Mr. McCormick's job, he said, is to help them figure out what they want to do with that power or if they want to do anything with it at all. Some students find vocational training is not for them.

Those who stay often go on to become engineers, welders or designers, he said. Many end up at Deere & Co., which is a major supporter of the center and its students. Deere provides employees, raw materials and resources to help train the students and also will pay to further their education, Mr. McCormick said.

That education includes working with state-of-the-art machines and tools stored in another classroom. This room has the concrete floors and slightly oily, sweet smell of a workshop. The machines, incomprehensible to the uninitiated, hulk everywhere. They can stamp, cut, grind and burn raw materials into just about any shape needed by the students.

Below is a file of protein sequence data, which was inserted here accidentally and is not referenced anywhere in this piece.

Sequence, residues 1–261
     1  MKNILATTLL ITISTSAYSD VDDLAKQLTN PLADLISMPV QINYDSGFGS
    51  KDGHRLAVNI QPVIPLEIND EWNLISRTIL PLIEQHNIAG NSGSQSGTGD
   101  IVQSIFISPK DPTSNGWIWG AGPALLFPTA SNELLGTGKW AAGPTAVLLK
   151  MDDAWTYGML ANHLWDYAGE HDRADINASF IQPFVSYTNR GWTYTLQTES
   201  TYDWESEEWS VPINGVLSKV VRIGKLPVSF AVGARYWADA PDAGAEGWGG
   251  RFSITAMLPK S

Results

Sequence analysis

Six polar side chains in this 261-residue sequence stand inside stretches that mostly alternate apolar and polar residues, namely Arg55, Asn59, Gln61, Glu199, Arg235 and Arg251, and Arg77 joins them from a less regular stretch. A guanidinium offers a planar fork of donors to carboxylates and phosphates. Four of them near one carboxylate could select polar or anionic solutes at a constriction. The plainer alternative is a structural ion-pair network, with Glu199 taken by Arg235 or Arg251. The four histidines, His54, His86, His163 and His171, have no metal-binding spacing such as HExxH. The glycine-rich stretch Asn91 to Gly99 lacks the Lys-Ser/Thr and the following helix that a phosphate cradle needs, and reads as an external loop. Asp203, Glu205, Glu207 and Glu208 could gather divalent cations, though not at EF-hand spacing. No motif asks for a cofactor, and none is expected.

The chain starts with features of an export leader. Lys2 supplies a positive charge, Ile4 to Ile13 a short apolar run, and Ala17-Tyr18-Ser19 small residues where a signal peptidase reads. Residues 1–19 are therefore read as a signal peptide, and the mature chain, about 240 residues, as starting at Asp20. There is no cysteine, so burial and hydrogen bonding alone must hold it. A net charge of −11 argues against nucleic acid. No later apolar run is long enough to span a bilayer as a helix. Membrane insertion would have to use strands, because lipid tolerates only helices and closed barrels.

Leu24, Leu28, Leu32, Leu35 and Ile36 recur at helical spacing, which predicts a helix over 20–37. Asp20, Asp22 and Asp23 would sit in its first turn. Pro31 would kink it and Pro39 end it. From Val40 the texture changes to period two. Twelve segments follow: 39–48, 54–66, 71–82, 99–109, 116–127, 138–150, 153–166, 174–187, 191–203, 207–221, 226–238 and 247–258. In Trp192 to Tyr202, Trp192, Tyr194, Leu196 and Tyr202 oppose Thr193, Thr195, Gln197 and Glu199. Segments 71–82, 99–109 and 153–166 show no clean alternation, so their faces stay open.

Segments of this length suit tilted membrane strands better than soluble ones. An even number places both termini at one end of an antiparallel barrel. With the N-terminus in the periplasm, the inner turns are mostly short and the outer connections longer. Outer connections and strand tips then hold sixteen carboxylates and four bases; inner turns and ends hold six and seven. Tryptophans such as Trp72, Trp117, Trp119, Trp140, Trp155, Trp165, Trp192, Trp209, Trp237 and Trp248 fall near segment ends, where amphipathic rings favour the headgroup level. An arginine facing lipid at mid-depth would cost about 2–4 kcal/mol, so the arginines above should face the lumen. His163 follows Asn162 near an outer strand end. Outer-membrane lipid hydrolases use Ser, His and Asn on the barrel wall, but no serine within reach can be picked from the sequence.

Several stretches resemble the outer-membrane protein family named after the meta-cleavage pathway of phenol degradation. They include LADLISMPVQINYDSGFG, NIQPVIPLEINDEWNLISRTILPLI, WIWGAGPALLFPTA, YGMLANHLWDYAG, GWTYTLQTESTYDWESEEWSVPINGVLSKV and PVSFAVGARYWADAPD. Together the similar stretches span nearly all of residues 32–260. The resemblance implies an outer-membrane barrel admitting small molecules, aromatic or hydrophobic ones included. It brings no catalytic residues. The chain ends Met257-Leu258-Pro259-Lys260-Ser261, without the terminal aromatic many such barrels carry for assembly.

Projects students work on in that room often involve direct application in the students' environment, he said.

For instance, when they can, center students lend a hand repairing things around UTHS. They have designed parts for private companies and, in one off the more recent projects, have been building weight equipment for the UTHS sports teams.

What students learn in other classes suddenly becomes something they can use in the real world, he said.

"I (the student) get to use that math, I get to use that science for something," Mr. McCormick said.

Another part of his job is trying to instill a work ethic in his teens. Show up, stay focused and positive and get something done, he said.